In order to generate value, it is becoming increasingly important for companies to utilize data as a strategic asset to support and automate decision-making across the value chain. However, data can only be helpful if it can be easily accessed. To ensure profitability and business success, both the producers and consumers of data need to cooperate seamlessly and transparently.
The data mesh movement has been underway in recent years with the goal of reducing interdependencies and enabling self-service business intelligence. Yet, organizations underestimate the cultural shift that is needed.
What is a data mesh?
Developed by Thoughtworks’ Zhamak Dehghani in 2019, data mesh is a platform architecture that leverages a domain-driven and self-serve design. As opposed to traditional monolithic data infrastructures that utilize a single central data lake for consumption, storage, transformation, and output, a data mesh supports distributed, domain-specific data consumers and looks at data as a product, with each domain managing its own data pipeline.
Dehghani states there are four principles of a modern distributed architecture:
- Domain Oriented Ownership – Data ownership is separated into several functional domains that own the end-to-end solution.
- Data is a Product Mindset – Data is atomized into individual products that are built and maintained.
- Data Infrastructure as a Platform – Infrastructure components are abstracted into a self-serve platform to simplify entry and standardization.
- Federated Computational Governance – Meta-data about data products is collected centrally to facilitate discovery and governance.
However, moving to a distributed data ownership takes organization, planning and buy-in from the right stakeholders, and we cannot underestimate the cultural change needed to accomplish this. Over the last 4 years I’ve been supporting organizations in this journey and here are my top 4 learnings:
1. Data is king: Make everyone understand the business value of data.
Firstly, data can be a company’s most precious resource, so it is imperative to have access to and valuable insights into it. To unlock business value, everyone needs to be able to understand the data. Establish a solid Data Education Program amongst your workforce and make sure it’s engaging, has a passive and an active strategy, and gamifies the experience… Data is fun!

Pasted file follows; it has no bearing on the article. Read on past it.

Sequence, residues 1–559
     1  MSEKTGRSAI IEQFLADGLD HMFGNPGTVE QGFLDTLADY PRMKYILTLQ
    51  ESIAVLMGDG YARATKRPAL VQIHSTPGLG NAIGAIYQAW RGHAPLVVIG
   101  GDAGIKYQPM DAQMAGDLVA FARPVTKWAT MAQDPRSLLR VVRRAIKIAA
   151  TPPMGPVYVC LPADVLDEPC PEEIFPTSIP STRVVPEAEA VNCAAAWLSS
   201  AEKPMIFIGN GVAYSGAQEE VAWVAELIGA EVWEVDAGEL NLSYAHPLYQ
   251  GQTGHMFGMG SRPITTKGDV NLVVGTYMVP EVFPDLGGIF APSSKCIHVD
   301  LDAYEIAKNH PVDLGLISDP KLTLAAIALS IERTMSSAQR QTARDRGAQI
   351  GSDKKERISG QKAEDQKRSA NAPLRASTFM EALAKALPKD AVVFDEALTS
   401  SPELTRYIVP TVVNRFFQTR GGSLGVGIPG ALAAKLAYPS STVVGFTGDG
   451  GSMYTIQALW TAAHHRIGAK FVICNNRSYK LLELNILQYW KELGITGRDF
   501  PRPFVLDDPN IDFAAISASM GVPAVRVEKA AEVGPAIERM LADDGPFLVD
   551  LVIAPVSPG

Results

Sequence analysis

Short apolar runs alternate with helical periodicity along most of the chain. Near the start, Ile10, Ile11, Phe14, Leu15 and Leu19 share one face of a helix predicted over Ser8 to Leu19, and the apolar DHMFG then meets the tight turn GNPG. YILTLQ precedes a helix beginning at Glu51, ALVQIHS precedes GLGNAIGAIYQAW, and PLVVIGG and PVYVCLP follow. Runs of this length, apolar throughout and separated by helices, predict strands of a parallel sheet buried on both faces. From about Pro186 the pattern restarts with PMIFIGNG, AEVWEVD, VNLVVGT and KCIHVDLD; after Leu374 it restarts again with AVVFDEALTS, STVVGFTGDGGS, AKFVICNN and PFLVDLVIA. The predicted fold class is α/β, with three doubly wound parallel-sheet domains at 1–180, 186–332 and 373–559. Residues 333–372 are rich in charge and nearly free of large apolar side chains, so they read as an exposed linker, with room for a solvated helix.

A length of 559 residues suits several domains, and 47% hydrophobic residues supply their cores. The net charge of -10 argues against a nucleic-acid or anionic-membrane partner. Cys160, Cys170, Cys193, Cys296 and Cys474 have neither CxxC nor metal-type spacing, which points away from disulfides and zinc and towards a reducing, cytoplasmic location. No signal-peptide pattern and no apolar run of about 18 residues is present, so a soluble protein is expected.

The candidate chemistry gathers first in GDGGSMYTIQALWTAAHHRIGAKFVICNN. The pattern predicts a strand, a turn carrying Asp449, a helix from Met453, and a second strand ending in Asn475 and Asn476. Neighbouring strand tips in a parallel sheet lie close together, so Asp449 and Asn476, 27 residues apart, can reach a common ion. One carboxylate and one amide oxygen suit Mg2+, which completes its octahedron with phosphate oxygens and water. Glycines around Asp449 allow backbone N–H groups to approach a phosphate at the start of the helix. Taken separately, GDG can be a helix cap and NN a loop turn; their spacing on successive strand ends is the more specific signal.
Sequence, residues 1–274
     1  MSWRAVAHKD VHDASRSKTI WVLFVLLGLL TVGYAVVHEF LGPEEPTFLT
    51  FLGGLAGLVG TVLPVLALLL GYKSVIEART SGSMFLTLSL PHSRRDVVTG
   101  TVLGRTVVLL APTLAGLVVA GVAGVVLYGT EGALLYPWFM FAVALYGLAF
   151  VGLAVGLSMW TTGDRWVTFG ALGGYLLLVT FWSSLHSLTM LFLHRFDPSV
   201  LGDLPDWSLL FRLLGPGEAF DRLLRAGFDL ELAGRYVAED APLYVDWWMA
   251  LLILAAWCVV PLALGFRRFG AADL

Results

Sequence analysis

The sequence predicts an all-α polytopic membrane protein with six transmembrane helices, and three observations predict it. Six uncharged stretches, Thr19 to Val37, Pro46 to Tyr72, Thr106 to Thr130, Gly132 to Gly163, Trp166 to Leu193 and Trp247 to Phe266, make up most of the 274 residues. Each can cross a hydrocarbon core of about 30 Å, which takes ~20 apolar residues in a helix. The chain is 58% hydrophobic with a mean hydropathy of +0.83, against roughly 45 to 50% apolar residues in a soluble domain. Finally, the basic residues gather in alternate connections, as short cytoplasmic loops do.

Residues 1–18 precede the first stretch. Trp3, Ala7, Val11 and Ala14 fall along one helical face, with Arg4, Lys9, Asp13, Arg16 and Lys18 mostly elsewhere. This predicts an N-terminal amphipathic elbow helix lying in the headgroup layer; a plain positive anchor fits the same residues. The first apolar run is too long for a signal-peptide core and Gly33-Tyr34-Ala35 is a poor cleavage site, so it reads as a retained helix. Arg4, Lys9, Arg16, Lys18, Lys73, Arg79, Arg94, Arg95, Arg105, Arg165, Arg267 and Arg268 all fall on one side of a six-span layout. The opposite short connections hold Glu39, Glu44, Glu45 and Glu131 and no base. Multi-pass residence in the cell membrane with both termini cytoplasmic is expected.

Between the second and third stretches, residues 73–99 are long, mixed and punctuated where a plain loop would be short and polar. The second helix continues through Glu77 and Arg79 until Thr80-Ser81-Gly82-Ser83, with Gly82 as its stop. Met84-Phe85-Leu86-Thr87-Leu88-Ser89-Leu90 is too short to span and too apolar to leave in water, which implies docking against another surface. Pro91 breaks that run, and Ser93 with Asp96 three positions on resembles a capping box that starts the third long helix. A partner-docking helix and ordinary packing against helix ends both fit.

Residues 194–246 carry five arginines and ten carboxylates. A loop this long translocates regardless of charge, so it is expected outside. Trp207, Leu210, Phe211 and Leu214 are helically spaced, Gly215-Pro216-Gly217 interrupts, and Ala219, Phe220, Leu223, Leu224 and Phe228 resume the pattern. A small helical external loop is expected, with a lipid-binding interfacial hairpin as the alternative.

2. Map the status quo: Understand your starting point.
The new data fads are often embraced by organizations before they have a clear understanding of their starting point. I know this sounds absurd: but you must create data in order to eliminate (unnecessary) data. To effectively execute a transformation, it is crucial to fully understand the pain points first. Jumping blindly into a transformation without having an understanding of the current data state within the organization will result in gaps in the overall delivery. As a first step, conduct a Maturity Assessment covering people, processes, technology, and data, not only to understand your starting point, but also to define your target state.
3. Speak the same language: Create clear definitions.
How often do we find ourselves arguing about metrics when in fact we might be using the same nomenclature, but with very different meanings? In order to ensure full transparency and achieve a successful data transformation, it is crucial to align metrics and methodologies.
4. Prioritize: Get the buy-in from all stakeholders.
Organization’s domain leaders must understand what it means to own their own data and embrace the Data Mesh Principles in order to be successful. To ensure the proper support is given, you must obtain internal buy-in from the management team and across all domains. As part of your efforts, you will need to educate and incentivize stakeholders by demonstrating that data can drive business value. This can be done by collecting evidence from maturity assessments and highlighting the company’s return on investment.
Finally, I would like to emphasize that the journey is not technical in nature, but rather cultural. Decentralizing data ownership will allow data to become a first-class citizen for both data producers and consumers. This makes it extremely important to ensure that the right stakeholders are brought along the journey in order to create autonomy, reduce data complexity and advance the data mesh journey.
About the Author
David Castro-Gavino is the Global Vice President of Data at HelloFresh where he oversees the Data Alliance in an effort to drive data maturity within the company. David joined HelloFresh in 2020 to lead the company’s data journey by providing frameworks, processes, technology and tools that govern collaboration between data producers and consumers.
David has been in the data industry for almost three decades – prior to joining HelloFresh, he was the Head of Data & Customer Analytics at Booking.com. He also spent nine years in a variety of senior technical and commercial roles at dunnhumby, a global customer data science company, from implementing a Data CoE in India to partnering with retailers and brands across the globe to leverage data, science and analytics into the center of customer-focused decision making.
David graduated in Computer Science from Kingston University and holds a Masters of Business Administration from Hult International Business School. He currently resides in Berlin, Germany.
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